Eat Well for a Long and Healthy Life
Whether you are young or old, eating should make you feel good. You want to feel alert and alive so you can spend your time spending quality time with your friends and loved ones. We’ve all seen people who just glow with good health. They are the folks you see out on the lake sailing, clambering down a hiking trail, or schussing down a ski hill. When you feel good, you have the energy to get out and enjoy your life and live your dreams. No one wants to have their life affected by a devastating illness like cancer.
The good news is that by adopting a vegan or vegetarian diet, you have taken a huge first step toward good health. Including more fruits and vegetables into your eating habits can improve your well-being and just plain make you feel better. Just about everyone from the AMA to the USDA thinks that including more fresh, real, wholesome vegetarian food into your diet is a good idea.
In fact, one of the largest studies ever done on vegetarian health was performed on
34 thousand members of the Seventh-day Adventist Church. In the study 29% of them were vegetarian and 7-10% of the vegetarians were vegan. The study showed that, the vegetarian group had approximately:
- half the rate of high blood pressure and diabetes
- half the rate of colon cancer
- two thirds the rheumatoid arthritis and prostate cancer
The vegetarian group also tended to live longer than meat eaters.
(Source: Research on Vegetarians and Vegans)
Not surprisingly, eating more fruits and vegetables also reduces your risk of cancer. Studies have shown that a vegetarian diet can lower:
- colon and rectal cancer
- rates of bone loss in post-menopausal women
- LDL (“bad”) cholesterol
- obesity risk
But you don’t have to believe the studies, ask your doctor. When we go in for our annual physicals, the numbers on our test results show that for us, eating a vegan diet not only gives us more energy and makes us feel better, it is good for our overall health as well.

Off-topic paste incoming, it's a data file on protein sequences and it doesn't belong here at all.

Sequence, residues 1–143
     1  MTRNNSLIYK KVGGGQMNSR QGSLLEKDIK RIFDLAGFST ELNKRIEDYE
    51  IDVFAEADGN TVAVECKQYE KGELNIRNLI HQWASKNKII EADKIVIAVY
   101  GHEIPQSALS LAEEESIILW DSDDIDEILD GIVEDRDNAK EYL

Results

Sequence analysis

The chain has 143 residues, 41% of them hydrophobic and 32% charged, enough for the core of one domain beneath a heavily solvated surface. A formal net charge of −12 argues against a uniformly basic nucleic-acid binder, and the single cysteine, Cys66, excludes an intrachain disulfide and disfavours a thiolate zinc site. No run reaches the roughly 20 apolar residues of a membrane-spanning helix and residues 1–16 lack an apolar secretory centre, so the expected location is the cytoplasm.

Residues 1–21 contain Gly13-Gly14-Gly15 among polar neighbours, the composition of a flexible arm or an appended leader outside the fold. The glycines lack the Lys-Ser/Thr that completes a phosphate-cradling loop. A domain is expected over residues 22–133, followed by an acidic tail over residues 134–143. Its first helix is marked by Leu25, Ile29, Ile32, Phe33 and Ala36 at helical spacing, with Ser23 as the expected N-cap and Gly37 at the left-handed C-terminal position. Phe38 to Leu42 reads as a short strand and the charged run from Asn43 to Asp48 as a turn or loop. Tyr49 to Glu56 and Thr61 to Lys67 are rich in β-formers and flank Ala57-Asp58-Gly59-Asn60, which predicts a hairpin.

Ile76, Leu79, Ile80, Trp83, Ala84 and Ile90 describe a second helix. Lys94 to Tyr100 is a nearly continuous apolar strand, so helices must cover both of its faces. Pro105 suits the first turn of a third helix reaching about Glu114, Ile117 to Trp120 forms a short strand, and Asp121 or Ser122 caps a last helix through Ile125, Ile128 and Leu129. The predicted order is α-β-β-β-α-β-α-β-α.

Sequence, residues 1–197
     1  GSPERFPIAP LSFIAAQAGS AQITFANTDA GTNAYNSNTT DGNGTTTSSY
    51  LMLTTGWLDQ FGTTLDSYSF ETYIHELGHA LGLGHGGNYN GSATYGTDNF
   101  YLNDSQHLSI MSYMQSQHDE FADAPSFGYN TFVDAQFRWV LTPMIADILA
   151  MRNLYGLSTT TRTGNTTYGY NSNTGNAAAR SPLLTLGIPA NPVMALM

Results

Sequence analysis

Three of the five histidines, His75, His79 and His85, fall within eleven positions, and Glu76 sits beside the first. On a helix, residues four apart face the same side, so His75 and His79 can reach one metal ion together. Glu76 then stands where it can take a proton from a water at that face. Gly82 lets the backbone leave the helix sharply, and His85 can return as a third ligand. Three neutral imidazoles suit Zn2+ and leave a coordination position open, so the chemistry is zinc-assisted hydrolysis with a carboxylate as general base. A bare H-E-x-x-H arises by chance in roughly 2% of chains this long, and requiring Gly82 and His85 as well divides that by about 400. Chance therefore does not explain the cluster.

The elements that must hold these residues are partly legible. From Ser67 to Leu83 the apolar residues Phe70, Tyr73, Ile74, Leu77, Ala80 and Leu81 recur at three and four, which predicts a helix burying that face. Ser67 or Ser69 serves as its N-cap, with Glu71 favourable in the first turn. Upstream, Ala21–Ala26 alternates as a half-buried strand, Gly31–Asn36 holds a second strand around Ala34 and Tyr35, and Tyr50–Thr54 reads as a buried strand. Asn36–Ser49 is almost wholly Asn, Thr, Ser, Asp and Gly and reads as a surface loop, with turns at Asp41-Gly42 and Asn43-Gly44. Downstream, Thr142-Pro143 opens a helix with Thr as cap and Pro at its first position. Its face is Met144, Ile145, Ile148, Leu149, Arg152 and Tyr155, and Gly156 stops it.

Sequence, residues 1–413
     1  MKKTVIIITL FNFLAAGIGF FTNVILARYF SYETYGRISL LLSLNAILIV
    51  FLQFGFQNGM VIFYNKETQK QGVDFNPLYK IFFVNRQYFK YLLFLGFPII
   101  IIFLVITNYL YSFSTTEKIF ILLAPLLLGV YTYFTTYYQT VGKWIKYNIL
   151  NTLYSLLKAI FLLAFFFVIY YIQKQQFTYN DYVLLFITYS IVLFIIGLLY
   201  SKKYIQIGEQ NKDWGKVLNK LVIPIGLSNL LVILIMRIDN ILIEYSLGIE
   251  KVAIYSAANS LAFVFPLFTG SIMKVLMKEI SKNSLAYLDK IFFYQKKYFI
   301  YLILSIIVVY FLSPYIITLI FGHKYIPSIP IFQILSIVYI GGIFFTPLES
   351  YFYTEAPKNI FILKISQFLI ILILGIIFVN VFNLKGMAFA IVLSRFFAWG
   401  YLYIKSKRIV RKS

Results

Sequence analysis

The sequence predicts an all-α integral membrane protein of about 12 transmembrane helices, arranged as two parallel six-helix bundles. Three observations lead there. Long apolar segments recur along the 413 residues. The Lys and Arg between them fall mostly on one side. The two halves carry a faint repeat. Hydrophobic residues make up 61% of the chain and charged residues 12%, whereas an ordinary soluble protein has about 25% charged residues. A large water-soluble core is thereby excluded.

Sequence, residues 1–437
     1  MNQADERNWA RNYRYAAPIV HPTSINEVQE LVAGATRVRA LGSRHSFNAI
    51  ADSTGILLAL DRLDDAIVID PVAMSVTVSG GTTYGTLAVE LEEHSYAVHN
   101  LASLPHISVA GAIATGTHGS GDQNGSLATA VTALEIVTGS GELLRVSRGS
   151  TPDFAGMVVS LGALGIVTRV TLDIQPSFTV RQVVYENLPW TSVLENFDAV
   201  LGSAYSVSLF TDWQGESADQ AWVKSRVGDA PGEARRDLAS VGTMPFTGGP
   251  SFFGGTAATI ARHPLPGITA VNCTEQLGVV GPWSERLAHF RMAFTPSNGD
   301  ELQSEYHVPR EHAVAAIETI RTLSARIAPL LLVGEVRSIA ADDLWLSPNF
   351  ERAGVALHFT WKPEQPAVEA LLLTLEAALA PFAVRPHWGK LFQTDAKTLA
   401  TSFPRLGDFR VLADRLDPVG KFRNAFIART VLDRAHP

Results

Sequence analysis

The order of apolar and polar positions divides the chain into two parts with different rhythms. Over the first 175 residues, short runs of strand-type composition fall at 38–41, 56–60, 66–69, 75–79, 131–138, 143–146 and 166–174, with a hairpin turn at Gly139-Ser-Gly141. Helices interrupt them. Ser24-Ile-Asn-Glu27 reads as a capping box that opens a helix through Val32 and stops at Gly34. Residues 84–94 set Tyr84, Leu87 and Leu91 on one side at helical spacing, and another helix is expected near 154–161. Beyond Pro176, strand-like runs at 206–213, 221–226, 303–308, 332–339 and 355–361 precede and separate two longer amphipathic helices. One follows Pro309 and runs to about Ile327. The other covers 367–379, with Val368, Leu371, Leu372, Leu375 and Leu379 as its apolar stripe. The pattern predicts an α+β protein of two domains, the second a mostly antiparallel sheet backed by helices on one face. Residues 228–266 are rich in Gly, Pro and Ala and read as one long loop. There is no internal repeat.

Don’t Eat the Neighbors
Over the years, we’ve realized increased energy and felt better because of our vegan diet. All that energy helped make it possible for us to move from the big city to a rural area.
Our neighbors are not a bunch of yuppies anymore. Now they are farmers. Here in Idaho, people take open range laws seriously and many times when we’re driving home, we’re sharing the road with cattle. (James refers to them as the “mooing mowers.”)
Although we went vegan for health reasons, as we’re slowly driving along dodging the mooers as they munch down the grass along the roadside, it’s also nice to know that they aren’t what’s for dinner.
Let’s face it, being vegan isn’t just good for you; it’s good for your conscience, and good for the planet.
No More Creepy Lentil Loaves
Of course in the Twinkie-laden world we live in, it’s easy to believe that eating a healthful eco-friendly diet means you are doomed to a life of deprivation. Just because you are vegan doesn’t mean you are stuck eating bean sprouts and creepy lentil loaves for the rest of your days.
It also shouldn’t mean that you have to be chained to your kitchen for 3 hours every night just to make dinner. (Let’s be honest here: that’s so not going to happen.)
If you don’t want to sacrifice joy of eating for good health, all you need is information. The type of information you’ll find in Vegan Success.
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